Spending time doing an activity you love will help you feel more in control in the moment.
Thomas Barwick via Getty Images
Spending time doing an activity you love will help you feel more in control in the moment.

Find a way to burn off anxious energy

“Exercise is so helpful in blowing off steam,” said Dr. Alex Dimitriu, a double board-certified psychiatrist and founder of Menlo Park Psychiatry & Sleep Medicine.

Talley said intensive exercise is one of his “constant go-to” stress relievers. “When things even begin to feel over the top, I’ll put extra intensity into my workouts,” he said. Think: heavy weight training, HIIT or judo (some of his favorites).

If that’s not your thing, try some gentle movement, like walking, biking, swimming or yoga. Moving your body may help expel some of the stress that’s physically building up inside.

Go somewhere calming without your phone

It can be easy to doomscroll into oblivion when there are events happening in the world that you have no power over. Breaks are necessary for survival. Try spending some time in a relaxing place where you don’t have access to constant information.

Dimitriu personally enjoys sitting in a steam room or sauna. “These are becoming [some of] the few places you can sit without access to your phone,” he said. “I’ve had some amazing insights, peaceful meditation, and mind relaxation in the quiet silence of a steam room. The heat helps, too.”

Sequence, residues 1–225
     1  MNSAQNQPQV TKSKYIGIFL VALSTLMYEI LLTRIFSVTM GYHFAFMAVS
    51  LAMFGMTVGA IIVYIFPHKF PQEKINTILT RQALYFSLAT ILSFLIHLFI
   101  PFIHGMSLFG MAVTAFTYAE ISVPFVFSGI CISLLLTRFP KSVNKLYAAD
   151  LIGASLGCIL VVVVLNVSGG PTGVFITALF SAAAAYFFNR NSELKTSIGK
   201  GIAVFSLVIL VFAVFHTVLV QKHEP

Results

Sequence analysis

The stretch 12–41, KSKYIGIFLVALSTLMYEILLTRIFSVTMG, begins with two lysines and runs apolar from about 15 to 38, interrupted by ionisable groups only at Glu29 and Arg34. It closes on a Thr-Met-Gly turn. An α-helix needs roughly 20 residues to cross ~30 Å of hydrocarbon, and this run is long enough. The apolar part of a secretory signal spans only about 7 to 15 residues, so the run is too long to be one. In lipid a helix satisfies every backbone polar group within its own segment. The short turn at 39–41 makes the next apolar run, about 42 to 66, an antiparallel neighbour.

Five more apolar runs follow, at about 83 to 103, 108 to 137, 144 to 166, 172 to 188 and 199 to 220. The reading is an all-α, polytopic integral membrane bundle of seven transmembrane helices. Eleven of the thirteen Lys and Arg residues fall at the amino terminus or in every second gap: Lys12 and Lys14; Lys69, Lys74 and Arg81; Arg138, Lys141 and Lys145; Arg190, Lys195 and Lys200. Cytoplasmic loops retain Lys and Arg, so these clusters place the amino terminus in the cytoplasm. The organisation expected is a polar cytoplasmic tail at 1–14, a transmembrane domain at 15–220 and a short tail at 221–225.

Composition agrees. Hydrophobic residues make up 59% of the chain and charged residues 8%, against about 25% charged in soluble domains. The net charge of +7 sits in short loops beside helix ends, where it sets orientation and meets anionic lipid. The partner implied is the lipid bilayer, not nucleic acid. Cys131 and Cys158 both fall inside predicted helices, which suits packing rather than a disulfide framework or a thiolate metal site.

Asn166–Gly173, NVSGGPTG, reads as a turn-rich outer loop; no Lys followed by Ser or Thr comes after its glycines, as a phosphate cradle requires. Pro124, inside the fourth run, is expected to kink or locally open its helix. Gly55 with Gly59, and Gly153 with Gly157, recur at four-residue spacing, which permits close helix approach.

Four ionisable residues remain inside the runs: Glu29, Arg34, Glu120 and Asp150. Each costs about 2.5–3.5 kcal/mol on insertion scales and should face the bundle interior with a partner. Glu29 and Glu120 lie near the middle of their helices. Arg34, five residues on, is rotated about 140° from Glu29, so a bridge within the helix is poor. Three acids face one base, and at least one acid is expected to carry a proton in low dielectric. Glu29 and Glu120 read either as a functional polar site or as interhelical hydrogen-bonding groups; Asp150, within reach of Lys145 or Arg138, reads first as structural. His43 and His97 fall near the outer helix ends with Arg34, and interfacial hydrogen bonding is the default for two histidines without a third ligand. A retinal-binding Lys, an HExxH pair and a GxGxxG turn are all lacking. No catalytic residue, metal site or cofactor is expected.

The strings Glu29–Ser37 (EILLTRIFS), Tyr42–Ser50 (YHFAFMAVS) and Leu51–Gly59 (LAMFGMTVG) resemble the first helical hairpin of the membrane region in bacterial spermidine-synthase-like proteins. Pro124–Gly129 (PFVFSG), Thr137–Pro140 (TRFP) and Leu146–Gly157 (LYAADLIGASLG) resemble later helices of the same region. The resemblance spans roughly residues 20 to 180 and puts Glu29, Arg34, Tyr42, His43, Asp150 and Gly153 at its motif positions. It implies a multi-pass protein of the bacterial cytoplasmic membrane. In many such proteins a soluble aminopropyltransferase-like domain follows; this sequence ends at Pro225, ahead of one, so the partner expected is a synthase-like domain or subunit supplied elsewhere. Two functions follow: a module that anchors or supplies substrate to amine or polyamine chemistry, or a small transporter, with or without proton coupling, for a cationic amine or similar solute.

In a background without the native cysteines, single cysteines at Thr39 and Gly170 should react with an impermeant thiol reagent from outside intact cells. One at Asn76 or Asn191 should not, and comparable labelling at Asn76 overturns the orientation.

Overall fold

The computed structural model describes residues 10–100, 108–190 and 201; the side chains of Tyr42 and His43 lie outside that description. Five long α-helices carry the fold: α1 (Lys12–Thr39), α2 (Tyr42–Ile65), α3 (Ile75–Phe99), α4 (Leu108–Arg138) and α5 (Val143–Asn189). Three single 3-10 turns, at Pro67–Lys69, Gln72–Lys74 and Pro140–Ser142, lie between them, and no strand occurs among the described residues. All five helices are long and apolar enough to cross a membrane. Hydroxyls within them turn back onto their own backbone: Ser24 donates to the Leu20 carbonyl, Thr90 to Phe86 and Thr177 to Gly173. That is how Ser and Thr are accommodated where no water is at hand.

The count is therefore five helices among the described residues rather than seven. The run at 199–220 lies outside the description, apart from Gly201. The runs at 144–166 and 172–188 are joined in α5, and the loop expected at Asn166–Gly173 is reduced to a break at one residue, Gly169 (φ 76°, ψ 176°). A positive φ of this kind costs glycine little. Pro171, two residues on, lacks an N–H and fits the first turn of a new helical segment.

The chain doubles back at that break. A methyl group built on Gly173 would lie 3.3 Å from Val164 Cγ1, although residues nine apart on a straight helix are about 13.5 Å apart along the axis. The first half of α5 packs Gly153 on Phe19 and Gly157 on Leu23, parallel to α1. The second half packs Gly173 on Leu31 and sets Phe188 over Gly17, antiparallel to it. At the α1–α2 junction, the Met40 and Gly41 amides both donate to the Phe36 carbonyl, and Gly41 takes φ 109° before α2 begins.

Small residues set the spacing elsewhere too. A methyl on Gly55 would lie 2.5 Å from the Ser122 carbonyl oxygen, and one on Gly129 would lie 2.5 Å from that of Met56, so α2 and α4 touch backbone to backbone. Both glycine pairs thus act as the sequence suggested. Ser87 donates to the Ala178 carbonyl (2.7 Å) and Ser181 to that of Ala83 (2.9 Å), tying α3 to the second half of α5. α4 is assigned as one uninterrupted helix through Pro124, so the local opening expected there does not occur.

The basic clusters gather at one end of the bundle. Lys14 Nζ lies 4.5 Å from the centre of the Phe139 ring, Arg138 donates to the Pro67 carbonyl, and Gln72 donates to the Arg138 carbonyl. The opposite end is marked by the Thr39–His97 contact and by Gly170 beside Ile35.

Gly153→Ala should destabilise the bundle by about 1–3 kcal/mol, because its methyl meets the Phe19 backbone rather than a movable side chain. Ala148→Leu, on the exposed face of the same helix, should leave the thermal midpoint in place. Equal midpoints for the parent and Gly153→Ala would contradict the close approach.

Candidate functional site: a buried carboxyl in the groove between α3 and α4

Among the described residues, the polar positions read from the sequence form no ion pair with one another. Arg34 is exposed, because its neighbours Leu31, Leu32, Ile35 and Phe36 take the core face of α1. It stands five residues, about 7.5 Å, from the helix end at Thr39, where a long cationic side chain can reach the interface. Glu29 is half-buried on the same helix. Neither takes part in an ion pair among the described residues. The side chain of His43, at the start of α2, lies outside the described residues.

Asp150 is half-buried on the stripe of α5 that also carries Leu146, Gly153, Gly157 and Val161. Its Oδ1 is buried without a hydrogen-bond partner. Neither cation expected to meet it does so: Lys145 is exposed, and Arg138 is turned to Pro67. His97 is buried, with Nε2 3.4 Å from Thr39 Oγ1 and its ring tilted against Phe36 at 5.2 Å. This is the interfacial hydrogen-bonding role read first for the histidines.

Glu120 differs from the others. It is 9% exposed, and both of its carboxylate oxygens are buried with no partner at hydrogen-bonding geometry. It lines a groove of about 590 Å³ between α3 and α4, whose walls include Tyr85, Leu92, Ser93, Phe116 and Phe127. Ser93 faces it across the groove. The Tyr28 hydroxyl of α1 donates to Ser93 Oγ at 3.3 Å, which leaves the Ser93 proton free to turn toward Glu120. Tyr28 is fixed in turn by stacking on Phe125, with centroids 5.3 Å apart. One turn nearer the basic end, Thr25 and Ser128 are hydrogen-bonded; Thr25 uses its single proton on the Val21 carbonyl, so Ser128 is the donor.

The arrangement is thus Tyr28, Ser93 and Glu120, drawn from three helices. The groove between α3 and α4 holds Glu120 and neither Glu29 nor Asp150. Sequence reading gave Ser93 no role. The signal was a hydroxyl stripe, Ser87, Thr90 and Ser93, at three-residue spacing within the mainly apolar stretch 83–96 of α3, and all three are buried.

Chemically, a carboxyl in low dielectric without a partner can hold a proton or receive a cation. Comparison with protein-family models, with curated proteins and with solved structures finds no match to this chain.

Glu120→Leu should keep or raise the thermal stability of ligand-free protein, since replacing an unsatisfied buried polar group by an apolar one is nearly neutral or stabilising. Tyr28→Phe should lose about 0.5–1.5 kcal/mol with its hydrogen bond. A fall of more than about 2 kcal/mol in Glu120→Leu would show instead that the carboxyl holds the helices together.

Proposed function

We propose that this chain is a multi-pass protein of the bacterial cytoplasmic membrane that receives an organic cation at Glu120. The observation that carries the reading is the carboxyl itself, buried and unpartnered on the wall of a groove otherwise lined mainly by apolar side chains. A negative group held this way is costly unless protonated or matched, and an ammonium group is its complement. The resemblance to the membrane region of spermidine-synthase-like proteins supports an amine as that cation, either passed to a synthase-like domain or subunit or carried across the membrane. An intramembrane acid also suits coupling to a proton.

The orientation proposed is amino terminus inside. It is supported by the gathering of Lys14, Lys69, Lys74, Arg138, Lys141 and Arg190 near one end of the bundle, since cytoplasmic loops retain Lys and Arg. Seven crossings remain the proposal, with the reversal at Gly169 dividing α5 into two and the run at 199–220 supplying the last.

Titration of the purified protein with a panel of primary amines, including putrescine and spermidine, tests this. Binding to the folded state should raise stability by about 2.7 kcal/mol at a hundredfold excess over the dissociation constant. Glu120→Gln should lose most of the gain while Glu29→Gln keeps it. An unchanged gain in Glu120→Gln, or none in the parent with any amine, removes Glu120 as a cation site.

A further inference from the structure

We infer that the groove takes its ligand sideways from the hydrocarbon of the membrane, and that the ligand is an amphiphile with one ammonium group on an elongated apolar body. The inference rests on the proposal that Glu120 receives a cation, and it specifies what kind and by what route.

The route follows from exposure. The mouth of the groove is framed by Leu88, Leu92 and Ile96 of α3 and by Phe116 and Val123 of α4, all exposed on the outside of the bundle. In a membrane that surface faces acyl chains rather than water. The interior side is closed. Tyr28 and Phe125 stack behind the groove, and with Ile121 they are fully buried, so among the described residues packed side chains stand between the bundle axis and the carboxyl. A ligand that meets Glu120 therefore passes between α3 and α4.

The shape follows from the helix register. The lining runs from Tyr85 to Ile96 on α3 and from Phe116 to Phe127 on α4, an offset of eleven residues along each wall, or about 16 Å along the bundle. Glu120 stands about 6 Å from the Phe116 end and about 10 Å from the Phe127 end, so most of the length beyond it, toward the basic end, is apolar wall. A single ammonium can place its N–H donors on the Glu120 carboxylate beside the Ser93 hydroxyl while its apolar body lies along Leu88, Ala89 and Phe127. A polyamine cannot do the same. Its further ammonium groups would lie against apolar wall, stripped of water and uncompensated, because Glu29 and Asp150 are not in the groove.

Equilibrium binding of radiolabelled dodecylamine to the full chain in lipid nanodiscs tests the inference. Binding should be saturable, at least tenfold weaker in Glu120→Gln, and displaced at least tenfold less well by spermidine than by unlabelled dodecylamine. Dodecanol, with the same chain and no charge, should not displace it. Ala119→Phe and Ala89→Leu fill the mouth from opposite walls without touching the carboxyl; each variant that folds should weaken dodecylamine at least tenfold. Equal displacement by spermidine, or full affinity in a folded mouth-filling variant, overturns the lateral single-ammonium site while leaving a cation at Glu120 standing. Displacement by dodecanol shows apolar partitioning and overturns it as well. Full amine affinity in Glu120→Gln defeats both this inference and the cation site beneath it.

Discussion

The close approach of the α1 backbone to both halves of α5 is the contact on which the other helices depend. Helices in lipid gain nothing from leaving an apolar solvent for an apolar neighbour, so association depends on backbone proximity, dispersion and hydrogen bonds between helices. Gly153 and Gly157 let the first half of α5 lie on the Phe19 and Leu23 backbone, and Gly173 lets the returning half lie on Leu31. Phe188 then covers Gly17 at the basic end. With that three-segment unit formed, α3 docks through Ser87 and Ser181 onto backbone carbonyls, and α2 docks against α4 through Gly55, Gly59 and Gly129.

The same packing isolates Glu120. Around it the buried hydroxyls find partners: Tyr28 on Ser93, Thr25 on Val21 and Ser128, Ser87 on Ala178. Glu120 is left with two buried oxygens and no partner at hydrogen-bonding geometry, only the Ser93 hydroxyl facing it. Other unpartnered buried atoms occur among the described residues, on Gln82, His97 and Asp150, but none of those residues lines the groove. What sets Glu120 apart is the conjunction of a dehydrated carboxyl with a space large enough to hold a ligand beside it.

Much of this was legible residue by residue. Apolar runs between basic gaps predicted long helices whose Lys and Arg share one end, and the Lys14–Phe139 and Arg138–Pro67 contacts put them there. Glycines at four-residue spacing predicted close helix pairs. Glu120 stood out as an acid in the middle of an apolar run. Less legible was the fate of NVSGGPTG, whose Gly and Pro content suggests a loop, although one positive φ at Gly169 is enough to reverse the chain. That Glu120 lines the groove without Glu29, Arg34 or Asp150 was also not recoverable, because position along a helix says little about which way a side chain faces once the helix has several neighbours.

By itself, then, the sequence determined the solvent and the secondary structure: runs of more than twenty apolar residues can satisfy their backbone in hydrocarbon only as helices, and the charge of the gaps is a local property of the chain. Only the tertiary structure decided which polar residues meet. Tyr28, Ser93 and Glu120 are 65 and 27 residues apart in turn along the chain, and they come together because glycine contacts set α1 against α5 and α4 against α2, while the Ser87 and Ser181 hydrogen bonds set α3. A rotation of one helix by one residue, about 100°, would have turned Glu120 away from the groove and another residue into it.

Spend a few moments focusing on something that makes you feel uplifted

This could be practising a skill you know you excel at, leaning into your spirituality or faith (which means something different to everyone), or reading a book or poem that speaks to you.

Breland-Noble uses mantras. Simple phrases with powerful messages, these short sentences provide meaning and hope. “Phrases like ‘The cream always rises to the top,’ ‘Remember who you are,’ ‘You come from a long line of proud people who overcame tremendous odds,’ and ‘You are equipped with everything you need,’” are some that allow her to find footing, she said.

Lean on loved ones

Whether it’s your partner, immediate family, best friend or a wider community, nearly every therapist recommended talking to and spending time with loved ones.

“Spending time with family is important,” said Talley, who noted that he becomes even more conscious of the need for time with his wife and children when times are particularly tough.

Find something you can do

“Personally, when I feel powerless or hopeless – usually about the state of the world as opposed to the state of my life – I focus on what I can do,” Cole said.

This can include sharing resources for people, donating to organizstions that make a difference in the world, advocating for causes you care about, posting your thoughts on social media, and engaging in thoughtful conversations with others.

Another thing you can do? Take care of your basic needs. “I try to eat a little better, sleep a little better, move a little bit more, and talk with that small circle of people that help me see more clearly and accurately,” said Kevin Gilliland, a clinical psychologist based in Texas.

You do have control over something, no matter what: yourself and your actions.